Cold as Winter
by Larissa Swayze
The freshly fallen snow glows blue beneath the Alberta moon and Christopher wades through knee-high drifts. He reaches into his coat, pulls out one of his grandfather’s cigarettes and lights it. He inhales deeply and the winter air mixes with the smoke, biting all the way down before leaving his frostbitten lungs in a puff as thick as ice fog.
He squints in the direction of the subdivision, his cigarette hanging off his lips. His hands return to his coat pockets. His frozen right fingers still curled around the lighter, Christopher flicks the striker to hear the sound. Once. Twice. Three times.
He watches the sky above the distant peaked roofs, breathing in his cigarette and the cold and the car exhaust from the highway. Where there used to be only stars—the streetlights throw a dull haze across the sky. The city has been creeping toward them for as long as he can remember. One day it was going to open its hungry maw and swallow them whole.
The night is strangely quiet. Christopher scans the field for his grandfather’s dogs. They usually follow him around during his evening smoke—bounding about, snapping at the air, barking at him, at each other, at nothing in particular. He inhales once more, then pushes through the snow. Each step invites the cold deeper into his bones.
Twenty feet from the barn, he widens his mouth to call the dogs’ names, but no sound comes out. He drops the cigarette. It melts the small patch of snow that catches it. He stares at the trail of blood, no longer wondering why the night is so silent.
The warmth of the farmhouse burns his cheeks and the smell of baking biscuits invades his nose. Christopher passes through the living room, where his grandfather sits in front of the television—crooked fingers wrapped around a glass of something dark, and enters the kitchen.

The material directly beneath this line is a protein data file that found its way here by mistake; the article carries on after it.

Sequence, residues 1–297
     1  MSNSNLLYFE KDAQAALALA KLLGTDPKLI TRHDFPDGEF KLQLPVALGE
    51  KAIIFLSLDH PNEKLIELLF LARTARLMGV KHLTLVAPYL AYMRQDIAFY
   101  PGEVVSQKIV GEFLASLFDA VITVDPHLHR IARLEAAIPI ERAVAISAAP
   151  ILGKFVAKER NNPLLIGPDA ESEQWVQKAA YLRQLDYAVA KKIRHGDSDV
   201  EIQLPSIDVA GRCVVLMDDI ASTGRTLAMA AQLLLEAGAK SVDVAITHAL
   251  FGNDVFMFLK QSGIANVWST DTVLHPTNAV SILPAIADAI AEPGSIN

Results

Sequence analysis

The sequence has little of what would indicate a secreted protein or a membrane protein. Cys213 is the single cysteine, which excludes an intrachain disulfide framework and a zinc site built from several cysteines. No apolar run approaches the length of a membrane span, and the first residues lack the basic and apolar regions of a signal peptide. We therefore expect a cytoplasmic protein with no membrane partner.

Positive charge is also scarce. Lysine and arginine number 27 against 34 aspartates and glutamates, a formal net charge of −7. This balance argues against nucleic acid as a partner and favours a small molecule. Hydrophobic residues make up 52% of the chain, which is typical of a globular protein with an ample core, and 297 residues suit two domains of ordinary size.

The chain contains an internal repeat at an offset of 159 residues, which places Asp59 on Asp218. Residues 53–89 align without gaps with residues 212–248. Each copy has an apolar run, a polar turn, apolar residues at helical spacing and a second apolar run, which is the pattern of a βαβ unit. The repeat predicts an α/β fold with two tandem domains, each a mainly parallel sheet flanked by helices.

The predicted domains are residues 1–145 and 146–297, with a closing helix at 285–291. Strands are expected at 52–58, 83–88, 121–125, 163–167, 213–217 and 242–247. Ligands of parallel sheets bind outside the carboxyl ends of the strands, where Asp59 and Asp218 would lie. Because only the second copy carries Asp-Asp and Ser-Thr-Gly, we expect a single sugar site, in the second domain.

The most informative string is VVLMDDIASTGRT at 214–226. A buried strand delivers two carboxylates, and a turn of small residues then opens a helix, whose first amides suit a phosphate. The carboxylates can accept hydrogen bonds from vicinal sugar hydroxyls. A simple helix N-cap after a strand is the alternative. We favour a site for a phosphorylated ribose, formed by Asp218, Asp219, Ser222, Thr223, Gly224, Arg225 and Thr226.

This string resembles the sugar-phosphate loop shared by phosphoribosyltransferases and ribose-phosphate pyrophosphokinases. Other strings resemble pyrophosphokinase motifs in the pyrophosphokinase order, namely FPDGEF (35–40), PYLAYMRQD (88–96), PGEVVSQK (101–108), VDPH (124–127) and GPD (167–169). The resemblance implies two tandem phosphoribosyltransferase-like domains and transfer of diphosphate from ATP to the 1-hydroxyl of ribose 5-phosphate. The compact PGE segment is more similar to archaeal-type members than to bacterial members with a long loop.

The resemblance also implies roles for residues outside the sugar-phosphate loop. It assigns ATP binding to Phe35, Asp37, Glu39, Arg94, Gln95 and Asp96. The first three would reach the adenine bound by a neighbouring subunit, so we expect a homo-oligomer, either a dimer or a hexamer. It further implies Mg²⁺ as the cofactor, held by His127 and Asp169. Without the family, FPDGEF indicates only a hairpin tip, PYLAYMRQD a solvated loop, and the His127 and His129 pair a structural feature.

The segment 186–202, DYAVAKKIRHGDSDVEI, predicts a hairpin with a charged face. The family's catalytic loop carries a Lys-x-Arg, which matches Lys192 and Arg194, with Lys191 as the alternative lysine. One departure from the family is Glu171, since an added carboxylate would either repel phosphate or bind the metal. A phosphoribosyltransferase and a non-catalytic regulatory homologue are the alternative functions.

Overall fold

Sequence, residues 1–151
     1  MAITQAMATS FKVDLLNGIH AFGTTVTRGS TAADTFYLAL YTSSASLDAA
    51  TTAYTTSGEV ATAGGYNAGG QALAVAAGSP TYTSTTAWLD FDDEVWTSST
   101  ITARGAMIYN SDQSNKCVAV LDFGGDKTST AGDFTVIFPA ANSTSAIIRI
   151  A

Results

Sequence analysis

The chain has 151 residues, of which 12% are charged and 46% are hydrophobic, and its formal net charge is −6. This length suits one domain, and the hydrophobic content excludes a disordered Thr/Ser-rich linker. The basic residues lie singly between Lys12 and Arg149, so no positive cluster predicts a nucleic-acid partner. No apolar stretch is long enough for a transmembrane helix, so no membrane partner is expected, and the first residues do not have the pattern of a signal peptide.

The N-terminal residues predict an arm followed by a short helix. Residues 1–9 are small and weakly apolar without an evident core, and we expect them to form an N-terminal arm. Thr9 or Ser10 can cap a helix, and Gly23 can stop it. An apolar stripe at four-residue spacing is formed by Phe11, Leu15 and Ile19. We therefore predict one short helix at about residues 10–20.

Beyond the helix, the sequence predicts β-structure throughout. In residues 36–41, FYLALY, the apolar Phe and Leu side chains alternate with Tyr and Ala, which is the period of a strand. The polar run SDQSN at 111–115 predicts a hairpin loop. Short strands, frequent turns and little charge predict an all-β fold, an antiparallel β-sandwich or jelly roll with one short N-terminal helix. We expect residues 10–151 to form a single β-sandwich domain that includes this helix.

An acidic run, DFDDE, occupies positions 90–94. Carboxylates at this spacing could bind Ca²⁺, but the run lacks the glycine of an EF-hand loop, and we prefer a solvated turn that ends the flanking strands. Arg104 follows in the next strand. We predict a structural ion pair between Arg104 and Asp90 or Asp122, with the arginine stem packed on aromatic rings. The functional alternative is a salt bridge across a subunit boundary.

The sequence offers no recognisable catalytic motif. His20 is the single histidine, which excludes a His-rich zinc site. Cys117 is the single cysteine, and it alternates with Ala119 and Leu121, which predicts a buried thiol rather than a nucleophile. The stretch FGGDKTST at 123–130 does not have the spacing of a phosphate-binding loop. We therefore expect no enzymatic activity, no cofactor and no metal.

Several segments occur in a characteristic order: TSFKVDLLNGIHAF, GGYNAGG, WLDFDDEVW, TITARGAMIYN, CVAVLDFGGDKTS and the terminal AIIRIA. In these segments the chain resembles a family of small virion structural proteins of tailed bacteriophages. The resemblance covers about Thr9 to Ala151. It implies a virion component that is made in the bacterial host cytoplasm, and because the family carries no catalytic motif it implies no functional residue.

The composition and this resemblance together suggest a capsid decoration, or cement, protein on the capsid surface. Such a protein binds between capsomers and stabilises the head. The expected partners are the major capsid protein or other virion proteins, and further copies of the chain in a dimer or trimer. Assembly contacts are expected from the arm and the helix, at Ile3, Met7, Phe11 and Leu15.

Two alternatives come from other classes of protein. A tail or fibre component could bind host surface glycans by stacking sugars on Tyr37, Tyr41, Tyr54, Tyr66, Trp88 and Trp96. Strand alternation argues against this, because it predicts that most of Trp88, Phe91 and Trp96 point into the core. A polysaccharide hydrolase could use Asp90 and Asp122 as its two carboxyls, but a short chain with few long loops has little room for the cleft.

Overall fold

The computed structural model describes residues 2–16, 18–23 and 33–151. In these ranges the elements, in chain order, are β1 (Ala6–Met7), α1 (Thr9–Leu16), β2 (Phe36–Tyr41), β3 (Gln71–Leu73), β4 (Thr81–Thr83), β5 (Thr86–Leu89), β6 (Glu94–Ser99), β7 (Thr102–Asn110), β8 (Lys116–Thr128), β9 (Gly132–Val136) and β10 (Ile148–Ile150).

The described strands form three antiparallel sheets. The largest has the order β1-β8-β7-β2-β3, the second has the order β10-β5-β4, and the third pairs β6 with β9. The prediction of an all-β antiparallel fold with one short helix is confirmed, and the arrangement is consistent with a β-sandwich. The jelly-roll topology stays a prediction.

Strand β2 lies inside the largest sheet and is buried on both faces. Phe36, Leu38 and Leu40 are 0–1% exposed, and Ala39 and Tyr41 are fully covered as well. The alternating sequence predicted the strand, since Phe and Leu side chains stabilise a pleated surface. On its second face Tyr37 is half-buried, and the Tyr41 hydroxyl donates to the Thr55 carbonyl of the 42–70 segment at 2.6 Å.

His grandmother barely looks up from the stove. “Damn it child, take off your boots when you come in the house. I just washed the floors.”
“What the hell happened to my dogs?”
His grandmother’s voice is smooth. The hand she stirs the pot of broth with steady. “They weren’t yours. And you smell like cigarettes. Go wash up.”
Christopher’s hands tremble. “What the hell happened to my dogs?”
She picks up a knife and begins slicing an onion. “Your grandpa kept saying if they wouldn’t leave the cows alone he was gonna do something about it. Well, guess what? One of the heifers damn near lost her calf because those mutts wouldn’t stop yapping at her. So grandpa called Uncle Joe over and had him take care of it.”
Christopher stares at his grandmother’s lined face, willing her to look at him. She dumps the sliced onion into the pot and moves on to a carrot.
Christopher’s voice is soft and flat. “Uncle Joe did it.” His hands stop shaking, but they remain cold as winter, even in the heat of the tiny house.
“Well, your grandpa sure couldn’t. You know how he loves them dogs.”
From the living room, the voices on the television grow uncomfortably loud as his grandfather turns up the volume.
“He didn’t have to kill them.” Christopher’s voice is lost beneath the laughter of a studio audience. His grandmother adds the carrot to the pot, then buries her head deep in the pantry.
Christopher moves back to the front entrance. He yanks off his boots and drops them on the linoleum. Thunk. He turns to the back of his grandfather’s head for a reaction. The older man coughs and Christopher can see spit spraying from his uncovered mouth. He watches his grandfather’s bald patch a few seconds more before turning away, unconsciously touching the back of his own head.
In the bathroom, he leaves the lights off and stands next to the sink. Through the two-foot by two-foot window he can see a cloud has moved over the moon. Still, the rolling hills on the horizon seem to radiate from within. But Christopher knows that can’t be. The snow is just reflecting the lights from the subdivision.
He turns on the tap and lets it run long enough that steam begins to rise out of the sink. He holds his hands beneath the scalding water until he can wiggle his fingers again. He looks in the mirror. His grandfather’s sharp eyes narrow. His grandmother’s wide nose steadily drips.
In the distance a coyote howls. Christopher’s ears twitch. Here come the dogs. Then, he remembers. He turns off the tap and heads back toward the kitchen. Shuffling his feet like an old man.